The Wood bison is the northern cousin of the Plains bison that roams many states down-below. It is bigger than the Plains bison and a large, mature bull will often weigh 2,250 pounds versus the 1,900 pounds of the smaller Plains. A mature cow will weigh about 1,000 pounds. Calves are born in May to July and are a reddish color for a few weeks. They begin to grow horns and develop a bison’s “hump” at about two months.
Wood Bison Reintroduction Program
After more than 100 years of extinction in Alaska, wood bison have found their way back to the state of Alaska. The first of the AWCC Wood Bison herd arrived in November 2003 from the Yukon Territory in Canada and is part of a wood bison recovery program designed to reintroduce the species to Alaska. AWCC is home to the only wood bison herd in the United States.
Wood Bison will be released in the lower Innoko and Yukon River area. (This is not the Innoko National Wildlife Refuge). The Alaska Department of Fish & Game (ADF&G) plans to release 100 female and young bison near Shageluk, about 300 miles west of Anchorage, in spring 2015. Six loads of 14-30 bison (depending on age and sex of the animals) will be placed in specially designed containers trucked from AWCC to Anchorage International Airport and flown in C-130 Hercules cargo aircraft to Shageluk. The bison will be held in temporary pens outside of Shageluk and will be released after they have acclimated to the area. After the release, they will be closely monitored for at least 1-2 years.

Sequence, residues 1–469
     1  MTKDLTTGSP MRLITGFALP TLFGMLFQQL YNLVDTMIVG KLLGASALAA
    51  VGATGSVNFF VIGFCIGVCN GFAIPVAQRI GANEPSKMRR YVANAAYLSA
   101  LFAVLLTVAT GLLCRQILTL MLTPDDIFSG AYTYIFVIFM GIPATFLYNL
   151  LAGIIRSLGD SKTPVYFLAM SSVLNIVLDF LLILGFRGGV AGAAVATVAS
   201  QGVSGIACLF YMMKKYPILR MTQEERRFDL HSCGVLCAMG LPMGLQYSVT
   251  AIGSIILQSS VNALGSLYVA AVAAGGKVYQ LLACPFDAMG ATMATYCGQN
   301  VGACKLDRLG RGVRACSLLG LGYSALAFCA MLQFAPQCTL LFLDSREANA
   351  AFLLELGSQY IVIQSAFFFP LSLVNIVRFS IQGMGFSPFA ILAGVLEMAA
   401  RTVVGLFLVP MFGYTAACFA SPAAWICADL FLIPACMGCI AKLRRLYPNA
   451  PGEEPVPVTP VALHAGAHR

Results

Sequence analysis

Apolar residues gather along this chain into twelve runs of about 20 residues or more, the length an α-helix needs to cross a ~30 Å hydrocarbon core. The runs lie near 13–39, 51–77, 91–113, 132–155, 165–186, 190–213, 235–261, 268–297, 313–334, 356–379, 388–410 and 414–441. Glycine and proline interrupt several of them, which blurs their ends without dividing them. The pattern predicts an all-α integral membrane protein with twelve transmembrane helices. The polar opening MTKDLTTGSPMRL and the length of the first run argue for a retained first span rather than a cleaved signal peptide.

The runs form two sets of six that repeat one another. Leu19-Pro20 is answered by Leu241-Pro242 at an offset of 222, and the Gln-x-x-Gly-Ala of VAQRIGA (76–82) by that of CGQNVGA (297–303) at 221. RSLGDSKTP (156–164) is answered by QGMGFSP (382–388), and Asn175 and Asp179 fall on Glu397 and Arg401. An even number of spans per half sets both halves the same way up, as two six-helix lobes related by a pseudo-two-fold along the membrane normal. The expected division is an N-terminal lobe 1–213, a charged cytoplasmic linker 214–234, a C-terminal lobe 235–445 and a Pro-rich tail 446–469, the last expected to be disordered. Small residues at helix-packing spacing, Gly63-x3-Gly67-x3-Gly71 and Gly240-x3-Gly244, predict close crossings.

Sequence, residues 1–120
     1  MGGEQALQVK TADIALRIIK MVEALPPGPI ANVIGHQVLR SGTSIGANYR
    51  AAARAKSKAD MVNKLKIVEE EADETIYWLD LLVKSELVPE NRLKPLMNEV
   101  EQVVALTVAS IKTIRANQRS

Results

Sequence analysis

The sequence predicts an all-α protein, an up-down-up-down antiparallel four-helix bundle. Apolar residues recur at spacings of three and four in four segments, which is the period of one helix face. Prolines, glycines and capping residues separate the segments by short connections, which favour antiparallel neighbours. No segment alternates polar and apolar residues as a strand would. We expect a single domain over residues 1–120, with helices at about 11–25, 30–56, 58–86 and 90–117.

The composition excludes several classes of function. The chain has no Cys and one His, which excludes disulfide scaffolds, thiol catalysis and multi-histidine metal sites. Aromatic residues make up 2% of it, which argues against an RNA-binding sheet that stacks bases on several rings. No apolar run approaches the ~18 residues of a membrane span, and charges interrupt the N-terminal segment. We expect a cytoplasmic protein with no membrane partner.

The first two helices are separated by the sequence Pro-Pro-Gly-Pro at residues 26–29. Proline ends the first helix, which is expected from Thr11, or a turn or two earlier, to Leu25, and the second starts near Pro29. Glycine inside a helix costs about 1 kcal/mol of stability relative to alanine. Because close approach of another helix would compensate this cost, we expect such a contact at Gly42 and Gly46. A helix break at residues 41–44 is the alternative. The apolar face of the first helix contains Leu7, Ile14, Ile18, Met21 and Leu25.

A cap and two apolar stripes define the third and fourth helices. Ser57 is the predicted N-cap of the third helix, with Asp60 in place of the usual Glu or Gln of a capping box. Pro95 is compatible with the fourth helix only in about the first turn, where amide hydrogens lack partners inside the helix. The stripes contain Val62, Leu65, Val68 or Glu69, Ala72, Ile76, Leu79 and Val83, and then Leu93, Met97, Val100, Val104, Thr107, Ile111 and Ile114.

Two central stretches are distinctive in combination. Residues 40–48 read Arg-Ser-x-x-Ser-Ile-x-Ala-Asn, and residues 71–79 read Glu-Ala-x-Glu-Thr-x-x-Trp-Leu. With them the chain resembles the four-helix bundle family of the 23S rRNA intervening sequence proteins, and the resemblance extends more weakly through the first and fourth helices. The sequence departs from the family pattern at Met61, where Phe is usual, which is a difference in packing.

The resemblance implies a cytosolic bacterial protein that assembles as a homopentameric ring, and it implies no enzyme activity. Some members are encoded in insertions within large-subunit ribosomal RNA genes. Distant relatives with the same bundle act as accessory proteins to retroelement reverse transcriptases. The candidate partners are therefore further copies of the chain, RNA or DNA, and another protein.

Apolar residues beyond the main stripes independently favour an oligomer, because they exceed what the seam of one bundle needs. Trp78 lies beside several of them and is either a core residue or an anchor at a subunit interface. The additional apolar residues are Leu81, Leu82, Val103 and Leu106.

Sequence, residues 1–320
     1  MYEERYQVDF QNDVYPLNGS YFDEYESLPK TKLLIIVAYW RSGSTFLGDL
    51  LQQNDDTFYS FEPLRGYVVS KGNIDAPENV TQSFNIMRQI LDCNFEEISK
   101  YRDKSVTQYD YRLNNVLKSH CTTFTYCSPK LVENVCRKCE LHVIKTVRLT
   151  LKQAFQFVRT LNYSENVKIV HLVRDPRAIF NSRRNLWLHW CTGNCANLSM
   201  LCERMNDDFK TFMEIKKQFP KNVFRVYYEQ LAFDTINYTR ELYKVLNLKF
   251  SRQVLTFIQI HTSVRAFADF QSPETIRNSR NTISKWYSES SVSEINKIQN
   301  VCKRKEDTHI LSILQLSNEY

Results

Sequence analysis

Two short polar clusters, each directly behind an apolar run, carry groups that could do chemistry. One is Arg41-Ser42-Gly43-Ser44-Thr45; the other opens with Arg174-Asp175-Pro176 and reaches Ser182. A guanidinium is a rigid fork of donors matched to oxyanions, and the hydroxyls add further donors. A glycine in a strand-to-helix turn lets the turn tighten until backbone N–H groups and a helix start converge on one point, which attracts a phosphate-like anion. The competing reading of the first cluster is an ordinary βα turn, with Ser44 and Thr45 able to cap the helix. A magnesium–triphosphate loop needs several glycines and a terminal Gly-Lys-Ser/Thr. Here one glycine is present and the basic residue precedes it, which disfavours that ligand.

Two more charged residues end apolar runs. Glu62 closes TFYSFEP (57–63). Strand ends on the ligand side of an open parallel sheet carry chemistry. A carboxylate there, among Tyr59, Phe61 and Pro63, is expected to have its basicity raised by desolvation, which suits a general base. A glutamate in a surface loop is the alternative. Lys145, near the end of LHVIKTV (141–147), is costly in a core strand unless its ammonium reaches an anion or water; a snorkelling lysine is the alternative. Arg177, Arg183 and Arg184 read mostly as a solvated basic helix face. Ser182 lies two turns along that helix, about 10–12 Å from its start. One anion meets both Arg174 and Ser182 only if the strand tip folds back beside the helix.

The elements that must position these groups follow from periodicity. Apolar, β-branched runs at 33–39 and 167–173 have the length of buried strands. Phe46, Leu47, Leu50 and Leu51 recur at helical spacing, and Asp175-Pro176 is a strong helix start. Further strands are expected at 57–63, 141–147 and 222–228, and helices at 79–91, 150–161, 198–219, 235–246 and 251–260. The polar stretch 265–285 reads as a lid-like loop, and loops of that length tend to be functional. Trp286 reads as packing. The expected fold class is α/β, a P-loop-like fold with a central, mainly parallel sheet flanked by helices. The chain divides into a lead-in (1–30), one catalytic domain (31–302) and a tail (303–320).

Starting with 100 animals provides sufficient genetic diversity of the founder population and adequate reproductive potential to allow an excellent chance of success of the restoration effort.
Wood bison hold the distinction as the largest land animal in North America. The first wood bison calves born in the state of Alaska in over 100 years were born at AWCC in 2005. In 2006, 7 calves were born and we have had 10 new-born calves this year (look for small orange “lumps” in the exhibit near the bushes).